[Original flash fiction prompt courtesy of Stephen Hise and Indies Unlimited, viewable at http://www.indiesunlimited.com/2014/06/28/flash-fiction-challenge-the-ghosts-of-northgate/]
Prompt: Northgate Sanitarium was an extension of the state prison system. The facility specialized in experimental treatment of the criminally insane. Some horrible stuff went on there.
Abandoned in the 1950s, the old building has been linked by rumor to a few recent disappearances.
I had just gotten my first job as a journalist, working for the Northgate Observer. I thought it would make a good story to spend the night in the old sanitarium.
Man oh man was that old building creepy. Cobwebs, warped, stained floor boards that creaked when I stepped on them…and the hum. I don’t know where it was coming from, but it was like the building was alive – like it had its own energy. As I delved further away from the street, I started to think that this was a mistake.
The sound of a door slamming stopped me in my tracks. My heart raced. I wanted to swallow but couldn’t; my throat was too tight. That tension spread down into my shoulders. I knew I had to look. Like I was going to catch them off-guard, I turned really fast. Nothing but empty hall. I heard the floor moan in the opposite direction. When I twirled to face it, my flashlight’s beam fell upon a shadow, dashing across the hall.
My guts told me to drop everything and run like hell. My brain told me there had to be a logical explanation. At least, that sounded good. I was not going to be a sissy. I was not going to chicken out. I headed in the direction of the shadow.
I could now see a set of double doors ahead. As I readied myself to proceed through them, a hand covered my mouth from behind. Another hand grabbed my flashlight. Hands…all over me…I didn’t know how many. They picked me up and dragged me into a dark room.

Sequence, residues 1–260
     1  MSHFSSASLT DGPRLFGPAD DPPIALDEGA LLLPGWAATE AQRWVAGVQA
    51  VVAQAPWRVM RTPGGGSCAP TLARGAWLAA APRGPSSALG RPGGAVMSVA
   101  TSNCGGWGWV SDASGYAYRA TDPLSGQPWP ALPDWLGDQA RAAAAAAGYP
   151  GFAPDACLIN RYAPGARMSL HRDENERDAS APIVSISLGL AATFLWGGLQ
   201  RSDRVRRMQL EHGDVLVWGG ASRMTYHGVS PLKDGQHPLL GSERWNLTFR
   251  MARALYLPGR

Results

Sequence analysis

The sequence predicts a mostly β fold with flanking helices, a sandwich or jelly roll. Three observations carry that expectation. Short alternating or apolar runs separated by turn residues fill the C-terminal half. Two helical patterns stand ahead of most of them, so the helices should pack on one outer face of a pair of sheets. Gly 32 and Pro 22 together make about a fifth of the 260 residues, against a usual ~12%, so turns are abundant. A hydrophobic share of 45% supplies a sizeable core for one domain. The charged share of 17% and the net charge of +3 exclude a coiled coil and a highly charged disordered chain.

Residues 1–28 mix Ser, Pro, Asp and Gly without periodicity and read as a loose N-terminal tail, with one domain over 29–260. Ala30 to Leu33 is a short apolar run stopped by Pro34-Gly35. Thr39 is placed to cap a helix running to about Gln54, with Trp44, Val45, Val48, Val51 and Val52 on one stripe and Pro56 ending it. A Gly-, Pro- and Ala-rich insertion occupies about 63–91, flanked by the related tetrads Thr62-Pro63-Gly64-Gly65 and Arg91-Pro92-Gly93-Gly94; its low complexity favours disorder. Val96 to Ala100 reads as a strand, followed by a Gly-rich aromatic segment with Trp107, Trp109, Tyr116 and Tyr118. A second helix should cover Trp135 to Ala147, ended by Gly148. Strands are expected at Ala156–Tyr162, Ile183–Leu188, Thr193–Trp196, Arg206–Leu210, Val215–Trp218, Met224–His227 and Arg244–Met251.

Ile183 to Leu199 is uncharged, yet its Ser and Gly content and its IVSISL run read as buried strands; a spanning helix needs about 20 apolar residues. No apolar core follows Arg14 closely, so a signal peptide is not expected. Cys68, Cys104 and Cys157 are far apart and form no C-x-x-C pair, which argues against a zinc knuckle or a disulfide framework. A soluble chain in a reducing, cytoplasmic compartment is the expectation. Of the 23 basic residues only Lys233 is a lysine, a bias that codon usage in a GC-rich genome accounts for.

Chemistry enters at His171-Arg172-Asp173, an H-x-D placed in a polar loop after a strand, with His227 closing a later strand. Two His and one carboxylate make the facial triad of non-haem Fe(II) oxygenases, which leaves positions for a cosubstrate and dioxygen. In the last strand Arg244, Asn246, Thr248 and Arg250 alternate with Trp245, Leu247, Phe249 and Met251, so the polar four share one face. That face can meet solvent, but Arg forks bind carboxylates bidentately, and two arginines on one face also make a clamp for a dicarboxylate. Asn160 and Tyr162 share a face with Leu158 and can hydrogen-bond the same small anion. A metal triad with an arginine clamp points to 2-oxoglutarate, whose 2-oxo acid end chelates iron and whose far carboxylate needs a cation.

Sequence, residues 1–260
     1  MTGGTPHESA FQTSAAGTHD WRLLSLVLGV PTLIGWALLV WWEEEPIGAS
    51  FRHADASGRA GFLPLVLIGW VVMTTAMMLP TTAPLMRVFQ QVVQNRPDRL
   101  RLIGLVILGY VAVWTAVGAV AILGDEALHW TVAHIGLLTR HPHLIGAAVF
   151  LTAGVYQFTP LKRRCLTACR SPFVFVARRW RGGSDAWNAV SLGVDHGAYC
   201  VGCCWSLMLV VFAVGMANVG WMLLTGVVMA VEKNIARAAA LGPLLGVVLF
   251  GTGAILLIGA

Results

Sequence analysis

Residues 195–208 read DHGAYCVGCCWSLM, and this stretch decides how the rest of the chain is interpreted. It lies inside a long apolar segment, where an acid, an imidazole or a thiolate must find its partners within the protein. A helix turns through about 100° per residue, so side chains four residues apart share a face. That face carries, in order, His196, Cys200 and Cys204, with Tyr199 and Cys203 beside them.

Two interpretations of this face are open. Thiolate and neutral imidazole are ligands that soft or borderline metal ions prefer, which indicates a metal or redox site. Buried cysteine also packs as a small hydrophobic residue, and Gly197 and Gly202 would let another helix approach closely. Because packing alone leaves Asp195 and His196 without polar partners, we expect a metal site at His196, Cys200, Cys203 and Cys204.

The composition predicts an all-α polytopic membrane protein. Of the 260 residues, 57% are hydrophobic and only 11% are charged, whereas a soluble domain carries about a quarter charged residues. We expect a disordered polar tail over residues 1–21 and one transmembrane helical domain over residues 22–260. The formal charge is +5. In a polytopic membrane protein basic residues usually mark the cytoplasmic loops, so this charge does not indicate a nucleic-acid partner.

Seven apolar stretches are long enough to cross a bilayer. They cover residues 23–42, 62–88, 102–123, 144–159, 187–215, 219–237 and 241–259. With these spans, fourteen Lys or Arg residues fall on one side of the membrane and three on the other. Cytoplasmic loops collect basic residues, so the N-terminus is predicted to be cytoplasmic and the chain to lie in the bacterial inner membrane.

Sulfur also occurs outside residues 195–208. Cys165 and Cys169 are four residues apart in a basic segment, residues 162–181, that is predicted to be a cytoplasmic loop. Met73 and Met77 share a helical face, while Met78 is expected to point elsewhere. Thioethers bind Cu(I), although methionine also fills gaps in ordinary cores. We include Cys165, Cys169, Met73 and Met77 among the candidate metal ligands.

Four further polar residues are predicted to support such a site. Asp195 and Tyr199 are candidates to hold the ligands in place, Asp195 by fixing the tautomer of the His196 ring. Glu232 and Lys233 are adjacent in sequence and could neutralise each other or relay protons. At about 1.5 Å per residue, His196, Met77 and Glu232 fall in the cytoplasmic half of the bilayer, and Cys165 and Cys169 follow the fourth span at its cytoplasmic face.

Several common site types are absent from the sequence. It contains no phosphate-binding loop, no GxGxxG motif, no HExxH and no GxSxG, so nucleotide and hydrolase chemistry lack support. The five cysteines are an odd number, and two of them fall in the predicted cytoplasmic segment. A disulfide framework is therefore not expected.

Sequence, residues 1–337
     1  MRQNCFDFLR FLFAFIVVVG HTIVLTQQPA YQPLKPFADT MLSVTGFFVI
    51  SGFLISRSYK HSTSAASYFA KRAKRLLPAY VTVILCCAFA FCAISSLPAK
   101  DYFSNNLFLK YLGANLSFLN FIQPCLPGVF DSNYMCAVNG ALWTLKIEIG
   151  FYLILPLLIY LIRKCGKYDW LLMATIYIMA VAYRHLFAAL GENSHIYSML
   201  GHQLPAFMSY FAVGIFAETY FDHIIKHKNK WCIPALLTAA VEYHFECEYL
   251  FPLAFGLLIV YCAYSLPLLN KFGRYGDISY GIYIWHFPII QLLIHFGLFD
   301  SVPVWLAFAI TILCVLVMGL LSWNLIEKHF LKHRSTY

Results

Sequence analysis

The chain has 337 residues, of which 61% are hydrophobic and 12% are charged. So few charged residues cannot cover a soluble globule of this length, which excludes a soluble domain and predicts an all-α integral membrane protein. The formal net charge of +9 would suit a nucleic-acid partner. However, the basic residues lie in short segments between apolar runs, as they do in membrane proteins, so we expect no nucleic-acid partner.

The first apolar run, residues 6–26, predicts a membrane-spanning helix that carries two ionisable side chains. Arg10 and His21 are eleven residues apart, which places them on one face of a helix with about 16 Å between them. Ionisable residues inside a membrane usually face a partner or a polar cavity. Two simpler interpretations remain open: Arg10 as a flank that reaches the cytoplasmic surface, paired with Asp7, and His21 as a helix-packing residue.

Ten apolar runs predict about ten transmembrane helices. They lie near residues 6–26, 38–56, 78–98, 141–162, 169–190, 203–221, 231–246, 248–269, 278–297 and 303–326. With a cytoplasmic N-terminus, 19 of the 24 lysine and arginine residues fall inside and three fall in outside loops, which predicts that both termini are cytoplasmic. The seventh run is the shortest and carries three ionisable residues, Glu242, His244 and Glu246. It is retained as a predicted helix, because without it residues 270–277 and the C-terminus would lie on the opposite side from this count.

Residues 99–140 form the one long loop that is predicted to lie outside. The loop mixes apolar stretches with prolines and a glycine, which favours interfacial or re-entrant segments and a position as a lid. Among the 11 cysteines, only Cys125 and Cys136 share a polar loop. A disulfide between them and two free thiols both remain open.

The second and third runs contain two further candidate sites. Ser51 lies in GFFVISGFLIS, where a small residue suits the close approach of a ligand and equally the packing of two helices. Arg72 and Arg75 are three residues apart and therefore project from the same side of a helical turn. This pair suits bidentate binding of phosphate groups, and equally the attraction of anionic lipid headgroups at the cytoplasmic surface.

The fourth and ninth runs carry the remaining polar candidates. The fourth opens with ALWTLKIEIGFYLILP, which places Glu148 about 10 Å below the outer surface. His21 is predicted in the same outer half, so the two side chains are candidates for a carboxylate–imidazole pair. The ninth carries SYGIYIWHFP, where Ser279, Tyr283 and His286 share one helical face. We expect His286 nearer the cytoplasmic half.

“Keep quiet,” a woman whispered.
“What are you going to do to me?” I whispered back.
A man with a Russian accent quietly answered, “Save your life.”
I thought I smelled gasoline, then everything went black.
The vibration of my cell phone startled me awake. I had a text message. “Get to the Sanitarium,” from Unknown. Since, oddly enough, I was already in my car, I drove two blocks to find the Sanitarium parking lot – that had been empty when I scouted it earlier – was now filled with SWAT trucks and paddywagons. As usual, I flashed my press badge to Officer Jenkins.
“That was fast, Jill,” he said. “You’re the first reporter on scene. You won’t believe this - a Federal drug task force just took down a major meth operation in the basement of this old place.”
The humming…or had that been a dream? Had I ever even been in the building, or had I fallen asleep in the car?
But then…I heard it. “They didn’t know what kicked their ass.” That Russian voice. I wheeled towards it in time to see a woman shaking her head.
“They didn’t know what hit them,” she corrected. “And we kicked their asses.”
“You Americans use too many words. My way is more efficient.”
“I can’t argue that.”
They headed away from the excitement, looking like two warriors silhouetted against the flashing lights. My brain was trying to wrap itself around this night when I realized they were going to walk right past me. As they did, I whispered, “Thank you.”
My phone vibrated. Unknown, again. The text read, “You’re welcome.”